Despite the substantial elderly and disabled population in the United States, there is a severe lack of affordable housing to accommodate these individuals.
“For many Americans, having adequate housing is more of a dream than a reality,” said Senator Bob Casey, D-Pa., who serves as the chairman of the Senate Special Committee on Aging, at a hearing held on Thursday.
Casey added, “In particular, a significant number of older adults and people with disabilities cannot afford accessible housing.”
According to Casey, about 26% of the U.S. population, a staggering 61 million people, have a disability. At the same time, it is estimated that by 2030, 1 in 5 Americans will be over the age of 65.
Accessible homes, which are designed with specific features or technologies, can help older and disabled individuals continue living in their own homes or chosen communities. These features may include wider doorways, lower counters and sinks, and accessible bathrooms.
However, Casey pointed out that less than 5% of the national housing supply is considered accessible, and less than 1% is available for individuals who use wheelchairs.
Leaders from both political parties agree that the shortage of adequate housing is a significant problem.
Senator Mike Braun, R-Ind., ranking member of the Senate aging committee, noted that the U.S. housing market is currently 3 to 6 million houses short of meeting the demand.
Braun highlighted that the problem is further complicated by state and federal regulatory burdens, higher infrastructure costs, supply chain constraints, workforce shortages, and increased materials costs due to inflation.
Braun stated, “Though we may have differing opinions on the solutions, there is always practical legislation that can be found in the middle. I hope that we can engage in conversations that bring us closer to those solutions.”
New suggestions for improving the situation emerged during the hearing held on Thursday.
Dominique Howell, a disability housing advocate from Philadelphia, testified at the hearing about her struggle to find a suitable and affordable home that can accommodate her disability.
Howell shared that five years ago, she and her young daughter, along with her grandmother, were wrongfully evicted from their home. Initially, Howell was denied shelter due to the home- and community-based services she relies on. After obtaining legal representation, she was finally able to find shelter, but spent a year sleeping in her power wheelchair.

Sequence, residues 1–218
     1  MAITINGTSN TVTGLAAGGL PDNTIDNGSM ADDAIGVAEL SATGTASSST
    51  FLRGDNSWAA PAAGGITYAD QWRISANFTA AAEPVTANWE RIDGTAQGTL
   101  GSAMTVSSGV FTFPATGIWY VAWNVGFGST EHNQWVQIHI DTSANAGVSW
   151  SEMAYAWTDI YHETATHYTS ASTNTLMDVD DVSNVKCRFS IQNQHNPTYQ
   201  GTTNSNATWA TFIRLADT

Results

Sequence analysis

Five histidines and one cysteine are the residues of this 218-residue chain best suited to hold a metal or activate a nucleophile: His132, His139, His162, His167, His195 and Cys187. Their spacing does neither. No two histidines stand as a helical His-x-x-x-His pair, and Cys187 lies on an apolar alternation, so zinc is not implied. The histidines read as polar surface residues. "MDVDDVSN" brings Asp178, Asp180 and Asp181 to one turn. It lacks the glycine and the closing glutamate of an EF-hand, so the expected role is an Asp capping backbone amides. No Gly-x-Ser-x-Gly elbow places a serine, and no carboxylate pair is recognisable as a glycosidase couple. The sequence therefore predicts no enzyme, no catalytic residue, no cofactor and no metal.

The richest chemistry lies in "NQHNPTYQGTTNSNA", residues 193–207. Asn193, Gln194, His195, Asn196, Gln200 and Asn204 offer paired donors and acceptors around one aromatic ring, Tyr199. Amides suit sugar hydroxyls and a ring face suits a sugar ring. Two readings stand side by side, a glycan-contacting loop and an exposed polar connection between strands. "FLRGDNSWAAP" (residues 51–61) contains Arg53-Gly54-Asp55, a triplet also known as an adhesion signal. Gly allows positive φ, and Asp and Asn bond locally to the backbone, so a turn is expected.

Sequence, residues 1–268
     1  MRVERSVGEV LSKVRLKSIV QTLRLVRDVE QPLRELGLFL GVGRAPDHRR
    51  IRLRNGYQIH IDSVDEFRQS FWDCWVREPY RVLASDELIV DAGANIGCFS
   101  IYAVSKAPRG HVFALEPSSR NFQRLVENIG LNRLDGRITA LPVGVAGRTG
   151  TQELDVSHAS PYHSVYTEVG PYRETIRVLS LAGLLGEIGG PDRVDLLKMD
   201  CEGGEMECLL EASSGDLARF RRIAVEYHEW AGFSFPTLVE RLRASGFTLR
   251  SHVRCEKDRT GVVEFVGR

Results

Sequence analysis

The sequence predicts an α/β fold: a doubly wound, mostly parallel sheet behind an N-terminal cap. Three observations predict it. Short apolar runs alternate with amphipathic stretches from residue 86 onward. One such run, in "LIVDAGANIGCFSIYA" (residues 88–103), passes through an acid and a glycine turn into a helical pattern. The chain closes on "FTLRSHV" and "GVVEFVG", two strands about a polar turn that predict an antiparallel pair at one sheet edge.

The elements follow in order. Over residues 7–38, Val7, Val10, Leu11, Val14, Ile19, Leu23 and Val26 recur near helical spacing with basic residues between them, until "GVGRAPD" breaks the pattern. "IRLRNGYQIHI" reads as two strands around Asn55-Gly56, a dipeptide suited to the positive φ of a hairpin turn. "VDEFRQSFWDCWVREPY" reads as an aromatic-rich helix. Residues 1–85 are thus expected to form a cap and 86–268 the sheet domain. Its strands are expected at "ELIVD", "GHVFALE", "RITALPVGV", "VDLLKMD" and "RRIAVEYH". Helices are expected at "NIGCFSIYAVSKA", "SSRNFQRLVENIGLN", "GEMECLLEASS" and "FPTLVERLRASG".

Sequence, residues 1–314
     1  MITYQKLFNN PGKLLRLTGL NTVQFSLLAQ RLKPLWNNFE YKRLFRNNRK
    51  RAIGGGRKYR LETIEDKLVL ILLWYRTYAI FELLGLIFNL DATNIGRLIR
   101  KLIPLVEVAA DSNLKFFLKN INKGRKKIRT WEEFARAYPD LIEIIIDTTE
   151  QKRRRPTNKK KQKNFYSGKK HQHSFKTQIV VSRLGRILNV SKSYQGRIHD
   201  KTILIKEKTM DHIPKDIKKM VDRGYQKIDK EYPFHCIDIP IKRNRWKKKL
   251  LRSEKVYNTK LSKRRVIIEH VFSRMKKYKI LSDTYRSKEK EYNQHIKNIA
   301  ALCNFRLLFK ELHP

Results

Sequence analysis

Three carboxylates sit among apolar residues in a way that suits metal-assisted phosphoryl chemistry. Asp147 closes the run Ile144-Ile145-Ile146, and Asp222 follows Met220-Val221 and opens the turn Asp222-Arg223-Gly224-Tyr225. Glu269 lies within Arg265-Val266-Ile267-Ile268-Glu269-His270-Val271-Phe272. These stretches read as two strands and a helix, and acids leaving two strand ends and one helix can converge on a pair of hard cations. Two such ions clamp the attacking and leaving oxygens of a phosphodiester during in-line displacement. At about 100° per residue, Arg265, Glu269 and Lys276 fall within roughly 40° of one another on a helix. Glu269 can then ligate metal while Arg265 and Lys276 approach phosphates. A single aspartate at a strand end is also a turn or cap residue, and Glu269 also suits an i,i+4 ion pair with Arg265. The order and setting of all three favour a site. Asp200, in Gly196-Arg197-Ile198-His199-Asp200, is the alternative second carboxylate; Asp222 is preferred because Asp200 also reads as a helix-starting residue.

While Howell and her daughter have now found a home, it still presents accessibility challenges. When the elevator breaks down, they are sometimes confined to their homes for weeks.
“Housing is a basic human right, and unfortunately, many Americans, especially those with disabilities, are being denied equal access to affordable housing,” Howell emphasized.
To address this issue, Howell recommended that Pennsylvania and other states invest in developing affordable and accessible housing that meets the needs of residents.
Jenny Schuetz, a senior fellow at Brookings Metro, suggested that retrofitting older homes to improve accessibility could be one potential solution. However, she acknowledged that updating millions of homes would be an enormous task requiring both private and public capital.
Allie Cannington, senior manager of advocacy at The Kelsey, a disability-forward housing developer, emphasized the importance of making homes more affordable for the elderly and disabled populations.
Cannington stated, “For people with disabilities who rely on Supplemental Security Income and other federal assistance programs, there is currently no affordable housing market in the United States.” This issue affects over 4.8 million people with disabilities.